From Pride and Prejudice to a life-changing PhD
When Ruth Wilson enrolled at the University of Sydney in 1949, she was 16 and fresh from her home town of Griffith in regional New South Wales. Stepping onto the University campus, she says, was like opening up a whole new world. She would experience much the same feeling seven decades later, at age 88, completing her PhD here.
“Being at the University was a continuation of an intellectual awakening that had started with reading books in high school,” says Wilson. “But at university, I was hearing from people, from lecturers and friends, who just blew my mind open with ideas that took me someplace else, somewhere I’d never been before.”
Wilson is now 90 and has just released her first book, The Jane Austen Remedy, which developed out of her PhD thesis. A literary memoir, it examines the importance of Jane Austen’s work on Wilson’s own life, and the enormous curve it took in her sixties, when she was diagnosed with Ménière’s syndrome, which includes symptoms that mimic depression. After fifty years of marriage, Wilson had inherited some money unexpectedly and used it to purchase a home in the Southern Highlands. She began to spend weekends there, commuting to Sydney to be with her husband. Eventually, Wilson realised she wanted to be at her bolthole full time, and so began what she calls a “marriage vacation”. Rereading her favourite girlhood books, including Austen’s, Wilson began to reframe her own life through the mores and struggles of Austen’s characters, and realised her own life needed a touch more editing.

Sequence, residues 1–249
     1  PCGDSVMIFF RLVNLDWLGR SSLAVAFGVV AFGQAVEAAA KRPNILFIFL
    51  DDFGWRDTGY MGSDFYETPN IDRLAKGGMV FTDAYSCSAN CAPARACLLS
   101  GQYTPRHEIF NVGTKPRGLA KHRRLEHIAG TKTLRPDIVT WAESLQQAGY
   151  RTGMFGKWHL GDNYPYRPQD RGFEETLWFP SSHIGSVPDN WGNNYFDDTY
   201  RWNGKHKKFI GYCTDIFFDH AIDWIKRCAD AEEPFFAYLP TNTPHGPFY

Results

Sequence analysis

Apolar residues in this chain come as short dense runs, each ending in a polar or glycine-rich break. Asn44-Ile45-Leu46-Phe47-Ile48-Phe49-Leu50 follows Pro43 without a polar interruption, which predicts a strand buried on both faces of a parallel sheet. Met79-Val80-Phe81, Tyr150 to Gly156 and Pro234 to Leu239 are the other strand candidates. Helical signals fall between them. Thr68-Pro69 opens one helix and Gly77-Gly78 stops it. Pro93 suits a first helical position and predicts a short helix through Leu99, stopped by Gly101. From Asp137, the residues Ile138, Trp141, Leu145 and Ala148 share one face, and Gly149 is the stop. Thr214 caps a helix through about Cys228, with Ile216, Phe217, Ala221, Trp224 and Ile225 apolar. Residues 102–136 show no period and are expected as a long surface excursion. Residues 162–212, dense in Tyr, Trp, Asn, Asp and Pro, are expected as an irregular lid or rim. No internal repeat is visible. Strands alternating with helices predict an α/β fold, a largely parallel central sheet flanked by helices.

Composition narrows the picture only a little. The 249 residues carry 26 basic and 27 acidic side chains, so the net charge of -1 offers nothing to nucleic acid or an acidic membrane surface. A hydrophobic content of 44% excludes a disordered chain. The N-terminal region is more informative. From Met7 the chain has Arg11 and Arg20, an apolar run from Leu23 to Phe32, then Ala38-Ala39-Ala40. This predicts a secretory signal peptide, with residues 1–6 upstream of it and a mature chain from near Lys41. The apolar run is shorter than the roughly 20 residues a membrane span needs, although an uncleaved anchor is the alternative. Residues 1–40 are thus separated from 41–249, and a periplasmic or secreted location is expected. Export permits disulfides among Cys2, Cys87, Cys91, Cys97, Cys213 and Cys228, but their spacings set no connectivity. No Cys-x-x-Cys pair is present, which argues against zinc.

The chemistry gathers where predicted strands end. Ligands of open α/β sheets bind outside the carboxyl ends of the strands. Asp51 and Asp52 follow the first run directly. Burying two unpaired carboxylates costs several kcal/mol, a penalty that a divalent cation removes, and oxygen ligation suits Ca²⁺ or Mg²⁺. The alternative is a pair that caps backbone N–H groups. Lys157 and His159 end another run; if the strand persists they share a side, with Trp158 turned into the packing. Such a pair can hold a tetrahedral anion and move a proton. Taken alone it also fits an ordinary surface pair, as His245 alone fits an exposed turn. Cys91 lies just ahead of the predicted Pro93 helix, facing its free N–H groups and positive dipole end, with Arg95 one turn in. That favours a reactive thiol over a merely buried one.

“Growing up, I think we were all given this sense that things would simply work out if you let them be,” says Wilson. “But there came a point where I desperately wanted to be alone, to have my own space, and to rediscover myself or to discover myself for the first time.”
Gender politics during Wilson’s time at university were fraught, to say the least. On the fringes of the Sydney Push (a group from the University known for its progressive and libertarian notions, which included members Clive James, Paddy McGuinness and Wilson’s short-term friend Lillian Roxon), Wilson saw a group that purported to push boundaries but, when it came to the sexes, was still deeply entrenched in normative ideals.